Anyway, Foundations of Open is now done, and the presenters’ submissions are now available. Let’s see if this big picture thinking can translate into anything concrete!
The relative ease in developing online content with a community of ‘at a distance’ presents wiki as a model tool for tele-collaborative production. Wiki is yet another example of how technologies are changing the ways in which creative knowledge production is being transformed by enabling collaboration between diverse individuals. In this theme, we seek to initiate discussion, deliberation and development in collaborative creation using new technologies. How have new and old technologies contributed to the development of collaborative making? What are some of the issues raised by collaborative creation; for example, authorship, artistic responsibility, claims to intellectual property, conflicts and confluences of disciplinary knowledge and practices, etc. What are the spaces of such collaborative work – what are the transitional spaces between the artists’ studios and scientific labs?
We invite artistic and academic work that addresses and/or exemplifies the problems and possibilities of collaborative creative work that are enabled by technologies. Works that are created by collaborations between diverse and geographically diverse communities are especially encouraged.
Given that Singapore is just 7.5 hours away hm, that seems awfully long for just three hours time difference), it seems a shame for me to not even try to submit something. So I will have a think about it. Collaboration is something the free culture movement has down pat, after all, and Wikimedia especially so. Perhaps a look at the collaborative nature of the FPC process might be of interest.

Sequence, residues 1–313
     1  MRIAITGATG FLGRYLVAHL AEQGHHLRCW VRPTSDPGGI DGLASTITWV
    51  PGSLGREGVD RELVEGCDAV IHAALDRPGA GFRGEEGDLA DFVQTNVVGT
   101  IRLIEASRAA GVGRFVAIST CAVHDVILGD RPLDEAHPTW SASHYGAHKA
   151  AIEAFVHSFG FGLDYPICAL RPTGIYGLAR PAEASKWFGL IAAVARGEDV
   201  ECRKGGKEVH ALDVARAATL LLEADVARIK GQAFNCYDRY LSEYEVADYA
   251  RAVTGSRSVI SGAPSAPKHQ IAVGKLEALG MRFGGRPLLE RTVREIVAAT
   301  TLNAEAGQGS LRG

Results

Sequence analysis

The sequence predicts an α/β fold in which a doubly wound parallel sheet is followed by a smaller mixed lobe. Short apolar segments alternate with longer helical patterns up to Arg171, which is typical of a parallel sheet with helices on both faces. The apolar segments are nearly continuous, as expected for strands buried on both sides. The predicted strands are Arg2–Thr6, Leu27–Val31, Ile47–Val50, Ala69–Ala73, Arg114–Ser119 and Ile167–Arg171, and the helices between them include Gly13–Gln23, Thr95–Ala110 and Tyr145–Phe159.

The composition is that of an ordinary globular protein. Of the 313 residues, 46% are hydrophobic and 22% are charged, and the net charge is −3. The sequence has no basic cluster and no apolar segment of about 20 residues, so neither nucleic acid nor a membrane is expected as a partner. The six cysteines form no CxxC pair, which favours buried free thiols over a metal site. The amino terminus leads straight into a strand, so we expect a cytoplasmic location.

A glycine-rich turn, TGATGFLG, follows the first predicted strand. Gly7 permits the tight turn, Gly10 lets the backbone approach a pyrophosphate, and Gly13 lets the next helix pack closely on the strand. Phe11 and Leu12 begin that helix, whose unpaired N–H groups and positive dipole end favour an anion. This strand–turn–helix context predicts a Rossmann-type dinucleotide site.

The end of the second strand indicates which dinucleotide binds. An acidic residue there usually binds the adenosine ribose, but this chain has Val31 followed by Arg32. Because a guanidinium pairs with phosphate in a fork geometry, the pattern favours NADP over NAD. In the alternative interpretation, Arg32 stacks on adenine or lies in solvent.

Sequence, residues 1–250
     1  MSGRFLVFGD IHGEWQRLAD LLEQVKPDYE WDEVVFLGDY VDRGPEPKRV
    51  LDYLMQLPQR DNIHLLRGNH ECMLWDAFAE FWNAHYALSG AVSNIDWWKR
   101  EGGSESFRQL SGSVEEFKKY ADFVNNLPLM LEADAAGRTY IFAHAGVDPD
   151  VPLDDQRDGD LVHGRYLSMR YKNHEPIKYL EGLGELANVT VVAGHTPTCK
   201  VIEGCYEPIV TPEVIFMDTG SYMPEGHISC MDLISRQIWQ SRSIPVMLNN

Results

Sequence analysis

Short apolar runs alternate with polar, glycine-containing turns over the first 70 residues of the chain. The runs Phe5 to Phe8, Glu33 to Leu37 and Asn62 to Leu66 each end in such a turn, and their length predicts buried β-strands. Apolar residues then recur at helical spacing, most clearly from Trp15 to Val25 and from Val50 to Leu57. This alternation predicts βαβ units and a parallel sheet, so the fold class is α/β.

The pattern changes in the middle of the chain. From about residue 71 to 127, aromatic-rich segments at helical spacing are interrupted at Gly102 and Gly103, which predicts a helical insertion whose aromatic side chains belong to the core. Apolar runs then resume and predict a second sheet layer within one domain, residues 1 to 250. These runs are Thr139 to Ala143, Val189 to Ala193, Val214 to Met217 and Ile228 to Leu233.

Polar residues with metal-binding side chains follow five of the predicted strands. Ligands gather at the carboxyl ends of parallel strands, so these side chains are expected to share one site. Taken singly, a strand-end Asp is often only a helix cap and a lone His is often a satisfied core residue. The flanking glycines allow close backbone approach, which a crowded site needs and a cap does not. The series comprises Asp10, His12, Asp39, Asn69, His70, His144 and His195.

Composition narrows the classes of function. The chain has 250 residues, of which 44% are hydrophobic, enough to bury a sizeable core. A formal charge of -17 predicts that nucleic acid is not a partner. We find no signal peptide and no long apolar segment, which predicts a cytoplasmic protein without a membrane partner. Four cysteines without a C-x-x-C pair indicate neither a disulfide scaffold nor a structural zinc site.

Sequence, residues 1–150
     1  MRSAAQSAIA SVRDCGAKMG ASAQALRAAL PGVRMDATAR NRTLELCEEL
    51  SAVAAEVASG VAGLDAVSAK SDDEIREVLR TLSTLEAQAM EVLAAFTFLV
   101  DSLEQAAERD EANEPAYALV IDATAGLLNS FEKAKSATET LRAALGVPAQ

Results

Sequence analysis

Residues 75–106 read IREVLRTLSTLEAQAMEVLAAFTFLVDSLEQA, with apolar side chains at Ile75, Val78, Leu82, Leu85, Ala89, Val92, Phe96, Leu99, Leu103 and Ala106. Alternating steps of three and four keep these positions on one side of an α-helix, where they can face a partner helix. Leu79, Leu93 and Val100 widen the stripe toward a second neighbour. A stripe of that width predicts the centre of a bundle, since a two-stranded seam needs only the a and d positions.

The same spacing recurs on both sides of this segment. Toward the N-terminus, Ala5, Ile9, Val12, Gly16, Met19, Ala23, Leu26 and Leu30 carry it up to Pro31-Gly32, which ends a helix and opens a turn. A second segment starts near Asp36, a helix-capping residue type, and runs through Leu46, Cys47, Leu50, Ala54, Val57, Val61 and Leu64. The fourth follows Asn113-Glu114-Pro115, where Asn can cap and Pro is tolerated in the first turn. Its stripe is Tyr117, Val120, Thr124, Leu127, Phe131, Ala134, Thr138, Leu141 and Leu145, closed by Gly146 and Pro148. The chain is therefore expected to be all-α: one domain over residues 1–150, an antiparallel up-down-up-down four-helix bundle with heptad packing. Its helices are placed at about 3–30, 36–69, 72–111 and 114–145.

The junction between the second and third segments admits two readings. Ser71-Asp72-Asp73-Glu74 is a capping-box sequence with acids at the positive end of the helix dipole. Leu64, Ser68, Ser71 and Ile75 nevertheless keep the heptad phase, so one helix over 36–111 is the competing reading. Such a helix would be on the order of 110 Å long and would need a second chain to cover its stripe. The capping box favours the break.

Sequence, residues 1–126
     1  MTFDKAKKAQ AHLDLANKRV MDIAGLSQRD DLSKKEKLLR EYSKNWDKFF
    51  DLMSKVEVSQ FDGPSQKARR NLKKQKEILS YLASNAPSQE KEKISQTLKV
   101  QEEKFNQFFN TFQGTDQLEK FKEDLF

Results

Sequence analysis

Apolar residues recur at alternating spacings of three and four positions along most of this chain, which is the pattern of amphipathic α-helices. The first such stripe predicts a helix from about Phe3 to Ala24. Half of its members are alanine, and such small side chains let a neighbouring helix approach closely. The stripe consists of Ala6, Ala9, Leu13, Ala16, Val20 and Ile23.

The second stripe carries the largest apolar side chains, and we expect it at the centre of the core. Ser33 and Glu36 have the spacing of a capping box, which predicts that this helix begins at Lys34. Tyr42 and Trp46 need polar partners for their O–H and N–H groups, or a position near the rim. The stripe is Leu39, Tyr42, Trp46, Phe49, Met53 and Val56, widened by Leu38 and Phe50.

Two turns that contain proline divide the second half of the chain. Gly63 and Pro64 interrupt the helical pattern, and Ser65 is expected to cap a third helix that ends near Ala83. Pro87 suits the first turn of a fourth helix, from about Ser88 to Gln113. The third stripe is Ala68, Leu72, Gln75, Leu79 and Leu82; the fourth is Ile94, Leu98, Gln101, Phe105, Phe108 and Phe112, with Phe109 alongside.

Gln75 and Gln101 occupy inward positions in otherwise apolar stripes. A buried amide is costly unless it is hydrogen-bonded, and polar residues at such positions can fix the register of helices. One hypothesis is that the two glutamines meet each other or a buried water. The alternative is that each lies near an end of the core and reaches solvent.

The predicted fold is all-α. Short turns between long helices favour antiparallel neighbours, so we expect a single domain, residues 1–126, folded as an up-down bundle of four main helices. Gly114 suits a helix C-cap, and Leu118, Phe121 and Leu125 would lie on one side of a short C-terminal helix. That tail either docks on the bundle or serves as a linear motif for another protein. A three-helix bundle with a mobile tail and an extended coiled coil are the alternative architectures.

It seems like something Joi might attend. Would be cool if there were some other Wikimedians around!
(Thanks to Adam @ FLOSS Manuals for telling me about it in the first place!)
Today I attended PacLing2007, the 10th Conference of the Pacific Association for Computational Linguistics. I attended sessions on Named Entities, Lexical Semantics, Machine Translation and Terminology. There was also an invited talk by Ann Copestake on applying robust semantics. She had a neat example of how underspecification works, in solving Sudoku, and how you can make inferences from something underspecified. Well it’s easy with sudoku, I wonder how easy it is with language. :)
There were two main interesting points to me. The first is that Francis Bond, the Program Chair, asked all the presenters to license their papers under the Creative Commons Attribution 3.0 license, and they did. All of the papers from the conference program are available under this liberal license. (The webpage doesn’t say so, but each paper’s PDF has this as a footnote on the first page.) I think this is a fantastic forward-thinking and commendable move on behalf of PacLing. It acknowledges that all human knowledge builds on what came before.
The second thing that was interesting was the session Bridging the Gap: Thai – Thai Sign Language Machine Translation , although in the end it was not perhaps a terribly exciting MT system. I was curious about how TSL was represented. Apparently they have a big dictionary of Thai word <-> photograph of someone making the equivalent TSL sign(s). Given that movement is a meaningful part of sign language I wonder how well this works. I am not sure now if the presenter told me that they slice up a video of the movement into frames to represent it, or if I imagined that. :)
I spoke to the presenter (I think it was Srisavakon Dangsaart) afterwards about signwriting, which she had heard of. She seemed to indicate it wasn’t used for TSL. I asked if it couldn’t be useful for TSL ‘speakers’ to be able to write using it. Her MT system is definitely useful and cool, but it’s basically one way: not really possible for TSL ‘speakers’ to create sentences using photographs of people making signs. She said it would mean they would have to learn three languages: TSL, signwriting, and written Thai (to communicate with the rest of the population). I don’t disagree, but I imagine it would be easier to learn to write Thai given literacy first in signwriting, which I presume would be an order of magnitude easier to acquire over any phonemic representation of a language (such as an alphabet-based script, which Thai is). That would be a fertile area for research I imagine.